Eastman was of Santee Dakota, English and French ancestry. After working as a physician on reservations in South Dakota, he became increasingly active in politics and issues on Native American rights, he worked to improve the lives of youths, and founded thirty-two Native American chapters of YMCA. He also helped found the Boy Scouts of America. He is considered the first Native American author to write American history from the Native American point of view.

The reverse has the words THE WINNER, Porte Bonheur which in French translates Lucky Charm, and WANAMAKER-ORIGINATOR. This token was struck very well, with great detail, high-relief bust, and bold lettering. The diameter is approximately 26 mm, and the composition is copper.

Dr. Charles Eastman
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 Posted 01/12/2020  3:13 pm  Show Profile   Check 999fine's eBay Listings Bookmark this reply Add 999fine to your friends list Get a Link to this Reply
What a truly wonderful medal, chock-full of history as well as stunning to view. Congratulations on having it.
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 Posted 01/12/2020  9:12 pm  Show Profile   Check TNG's eBay Listings Bookmark this reply Add TNG to your friends list Get a Link to this Reply
1971 Annie Oakley NRA
Nation of Riflemen
correct version
(My third example)



I now have three correct versions of this 1971 Annie Oakley NRA Medal from the "Nation of Riflemen" set.
I say "correct" because I also have one with the reverse of another medal that I posted here.
http://goccf.com/t/301479&whichpage=88#2861962

Here's another of what I personally consider the best medal in the 30 medal set.
I include a picture of my recent purchase of a 1933 Goudey Indian Gum card of Buffalo Bill because the medal also shows a banner for Buffalo Bill's Wild West Show and Buffalo Bill on horseback on this medals obverse.

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 Posted 01/14/2020  09:09 am  Show Profile   Bookmark this reply Add jeffbuckes to your friends list Get a Link to this Reply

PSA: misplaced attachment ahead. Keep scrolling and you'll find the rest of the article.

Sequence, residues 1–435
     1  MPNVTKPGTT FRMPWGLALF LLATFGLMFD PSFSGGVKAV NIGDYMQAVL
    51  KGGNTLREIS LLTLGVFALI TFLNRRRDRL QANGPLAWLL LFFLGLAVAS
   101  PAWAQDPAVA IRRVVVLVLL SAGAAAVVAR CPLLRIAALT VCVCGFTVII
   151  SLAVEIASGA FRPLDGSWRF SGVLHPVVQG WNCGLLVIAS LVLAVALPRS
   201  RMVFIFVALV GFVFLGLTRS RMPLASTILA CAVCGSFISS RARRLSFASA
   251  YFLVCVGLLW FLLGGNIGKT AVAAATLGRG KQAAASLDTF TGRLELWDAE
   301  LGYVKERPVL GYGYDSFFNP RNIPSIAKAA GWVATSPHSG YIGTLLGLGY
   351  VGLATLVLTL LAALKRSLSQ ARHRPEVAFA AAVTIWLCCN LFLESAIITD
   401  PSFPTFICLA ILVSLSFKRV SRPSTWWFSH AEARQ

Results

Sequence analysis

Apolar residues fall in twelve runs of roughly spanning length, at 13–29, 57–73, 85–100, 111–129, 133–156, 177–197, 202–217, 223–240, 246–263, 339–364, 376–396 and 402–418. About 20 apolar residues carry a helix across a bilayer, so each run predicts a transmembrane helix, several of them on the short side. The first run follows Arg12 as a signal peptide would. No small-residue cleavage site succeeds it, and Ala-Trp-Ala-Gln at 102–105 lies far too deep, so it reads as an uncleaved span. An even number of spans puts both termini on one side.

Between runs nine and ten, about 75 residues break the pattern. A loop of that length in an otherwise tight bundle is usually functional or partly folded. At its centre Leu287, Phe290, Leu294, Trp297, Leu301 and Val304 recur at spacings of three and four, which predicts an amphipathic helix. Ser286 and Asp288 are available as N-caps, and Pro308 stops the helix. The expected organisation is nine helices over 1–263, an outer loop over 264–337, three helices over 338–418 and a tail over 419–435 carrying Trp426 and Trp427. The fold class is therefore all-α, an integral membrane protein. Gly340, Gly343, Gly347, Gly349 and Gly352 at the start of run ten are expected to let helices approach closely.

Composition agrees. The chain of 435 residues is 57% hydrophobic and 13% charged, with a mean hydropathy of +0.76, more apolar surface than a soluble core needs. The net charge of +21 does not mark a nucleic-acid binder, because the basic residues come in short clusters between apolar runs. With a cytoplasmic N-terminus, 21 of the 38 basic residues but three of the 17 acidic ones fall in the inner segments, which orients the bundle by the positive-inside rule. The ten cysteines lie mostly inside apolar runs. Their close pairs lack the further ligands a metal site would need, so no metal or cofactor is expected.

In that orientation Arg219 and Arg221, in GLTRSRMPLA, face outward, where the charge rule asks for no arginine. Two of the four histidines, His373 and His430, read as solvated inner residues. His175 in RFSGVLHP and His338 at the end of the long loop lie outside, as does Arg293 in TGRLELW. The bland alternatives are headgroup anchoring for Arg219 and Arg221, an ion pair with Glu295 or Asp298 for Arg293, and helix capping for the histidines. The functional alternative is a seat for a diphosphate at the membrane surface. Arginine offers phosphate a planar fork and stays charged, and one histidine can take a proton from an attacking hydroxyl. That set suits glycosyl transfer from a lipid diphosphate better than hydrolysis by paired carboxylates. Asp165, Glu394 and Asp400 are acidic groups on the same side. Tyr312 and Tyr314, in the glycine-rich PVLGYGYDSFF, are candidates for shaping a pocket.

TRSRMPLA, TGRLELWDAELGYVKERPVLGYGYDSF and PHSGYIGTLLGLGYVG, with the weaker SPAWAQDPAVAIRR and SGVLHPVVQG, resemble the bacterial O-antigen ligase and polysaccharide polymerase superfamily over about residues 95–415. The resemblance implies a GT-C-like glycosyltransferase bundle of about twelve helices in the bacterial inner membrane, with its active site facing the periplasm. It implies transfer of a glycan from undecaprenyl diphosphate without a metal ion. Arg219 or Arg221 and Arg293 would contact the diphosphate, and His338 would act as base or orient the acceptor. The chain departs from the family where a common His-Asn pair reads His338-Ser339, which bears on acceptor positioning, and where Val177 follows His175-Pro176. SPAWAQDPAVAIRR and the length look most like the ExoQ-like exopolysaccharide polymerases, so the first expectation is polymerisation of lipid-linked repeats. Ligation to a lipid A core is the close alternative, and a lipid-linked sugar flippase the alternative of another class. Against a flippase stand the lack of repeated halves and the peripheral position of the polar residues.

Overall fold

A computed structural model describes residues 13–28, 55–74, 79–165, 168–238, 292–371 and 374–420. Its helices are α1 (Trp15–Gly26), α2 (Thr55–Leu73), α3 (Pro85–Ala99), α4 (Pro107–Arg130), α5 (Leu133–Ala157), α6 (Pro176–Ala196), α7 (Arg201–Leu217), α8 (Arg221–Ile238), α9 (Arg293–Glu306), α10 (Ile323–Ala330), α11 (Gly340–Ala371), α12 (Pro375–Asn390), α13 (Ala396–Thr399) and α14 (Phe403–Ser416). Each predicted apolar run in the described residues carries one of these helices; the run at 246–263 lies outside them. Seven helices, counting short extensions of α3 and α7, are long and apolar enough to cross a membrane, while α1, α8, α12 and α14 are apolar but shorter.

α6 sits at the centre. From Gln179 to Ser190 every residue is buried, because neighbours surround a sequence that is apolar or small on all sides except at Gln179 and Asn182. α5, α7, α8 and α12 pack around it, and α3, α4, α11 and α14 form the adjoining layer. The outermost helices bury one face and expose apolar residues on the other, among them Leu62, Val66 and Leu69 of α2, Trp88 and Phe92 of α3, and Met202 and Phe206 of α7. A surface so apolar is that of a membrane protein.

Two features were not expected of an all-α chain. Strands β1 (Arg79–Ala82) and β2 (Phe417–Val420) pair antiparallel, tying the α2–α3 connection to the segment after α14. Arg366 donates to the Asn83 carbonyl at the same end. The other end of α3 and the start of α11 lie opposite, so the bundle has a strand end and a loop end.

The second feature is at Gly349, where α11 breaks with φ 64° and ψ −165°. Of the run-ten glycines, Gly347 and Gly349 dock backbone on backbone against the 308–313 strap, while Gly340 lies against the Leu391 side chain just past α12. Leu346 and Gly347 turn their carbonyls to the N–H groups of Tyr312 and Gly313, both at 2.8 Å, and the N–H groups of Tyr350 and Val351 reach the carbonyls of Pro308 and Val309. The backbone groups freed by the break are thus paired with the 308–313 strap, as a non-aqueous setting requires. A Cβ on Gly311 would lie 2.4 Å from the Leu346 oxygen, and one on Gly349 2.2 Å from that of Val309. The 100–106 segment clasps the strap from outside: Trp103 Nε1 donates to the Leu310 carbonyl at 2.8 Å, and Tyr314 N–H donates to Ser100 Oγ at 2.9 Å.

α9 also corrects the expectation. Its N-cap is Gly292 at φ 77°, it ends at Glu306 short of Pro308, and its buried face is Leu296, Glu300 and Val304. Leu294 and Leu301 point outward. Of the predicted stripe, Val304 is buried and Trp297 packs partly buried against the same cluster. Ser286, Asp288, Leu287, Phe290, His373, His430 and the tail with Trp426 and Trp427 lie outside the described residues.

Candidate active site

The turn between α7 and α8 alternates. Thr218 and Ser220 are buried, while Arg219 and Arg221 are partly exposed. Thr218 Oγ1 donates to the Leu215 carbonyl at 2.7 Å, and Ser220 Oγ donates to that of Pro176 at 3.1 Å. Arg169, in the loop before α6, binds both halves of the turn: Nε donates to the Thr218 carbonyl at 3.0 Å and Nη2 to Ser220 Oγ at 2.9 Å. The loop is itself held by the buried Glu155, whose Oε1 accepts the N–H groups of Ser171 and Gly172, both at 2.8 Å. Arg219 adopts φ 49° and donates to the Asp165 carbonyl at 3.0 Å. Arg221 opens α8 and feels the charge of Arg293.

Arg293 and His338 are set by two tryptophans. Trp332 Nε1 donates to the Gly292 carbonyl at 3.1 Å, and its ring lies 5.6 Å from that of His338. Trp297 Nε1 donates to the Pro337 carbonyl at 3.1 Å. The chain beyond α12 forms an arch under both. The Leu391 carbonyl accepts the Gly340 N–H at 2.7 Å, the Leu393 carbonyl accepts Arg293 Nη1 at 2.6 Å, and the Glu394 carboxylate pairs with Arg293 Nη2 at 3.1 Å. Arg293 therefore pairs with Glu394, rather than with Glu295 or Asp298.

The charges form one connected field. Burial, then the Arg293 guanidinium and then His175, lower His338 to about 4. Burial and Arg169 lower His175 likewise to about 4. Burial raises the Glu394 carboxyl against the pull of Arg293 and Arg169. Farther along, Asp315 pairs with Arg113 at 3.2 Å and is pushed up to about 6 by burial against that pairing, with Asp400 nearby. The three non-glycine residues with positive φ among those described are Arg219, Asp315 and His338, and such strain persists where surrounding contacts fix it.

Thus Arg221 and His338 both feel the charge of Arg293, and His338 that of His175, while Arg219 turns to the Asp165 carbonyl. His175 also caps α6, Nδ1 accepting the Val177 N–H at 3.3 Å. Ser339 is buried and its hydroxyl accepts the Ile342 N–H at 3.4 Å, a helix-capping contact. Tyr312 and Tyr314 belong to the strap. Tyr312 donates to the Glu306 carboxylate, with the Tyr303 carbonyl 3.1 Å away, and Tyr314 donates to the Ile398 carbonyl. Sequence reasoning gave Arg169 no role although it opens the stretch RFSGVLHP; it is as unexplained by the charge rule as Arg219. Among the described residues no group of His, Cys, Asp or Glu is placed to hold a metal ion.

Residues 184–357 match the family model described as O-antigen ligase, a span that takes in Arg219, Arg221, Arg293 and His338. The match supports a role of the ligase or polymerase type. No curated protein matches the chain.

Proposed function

I've been eyeballing some Medallic Art Co. (MACo) medals over the last few months. I love the "Americana" designs and the heft of the bronze feels great in hand.

I finally pulled the trigger when I found this medal celebrating the completion of the San Diego - Coronado Bay Bridge. San Diego is one of my favorite cities in the US and Coronado is a beautiful beachfront neighborhood on a peninsula on the far side of the bay. The bridge is sky high and can be pretty scary to cross if you're not into heights! In that case you can take the ferry and enjoy the underbelly of the bridge ;)

This medal is a bit unusual in one way: it's oval. Most MACo medals that I've seen are standard round pieces.

PS: I grabbed two of these medals so if anyone here wants one, let me know, maybe we can make a deal.

The medal was designed by Spero Anargyros:

ANARGYROS, Spero (1915-2004 ) sculptor, medalist, San Francisco, California.

Born New York City, 23 January 1915. Trained at Art Students League in New York City he also worked with sculptor Mahonri Young under Avard Fairbanks, in Salt Lake City. Anargyros was versatile in his sculpture productions ranging from meadllic models to monuments, heroic figures and architectural objects, but was equally competient in both bronze and marble for portrait heads, reliefs, and small statues. Signed medallic models SA initials (and as a brand on a horse's haunch on the Salinas California Centennial Medal). Fellow: National Sculpture Society. Member: American Art Foundation. Member: American Portrait Society. Board of Advisors: Artists Hall of Fame. Died San Mateo, California 10 September 2004.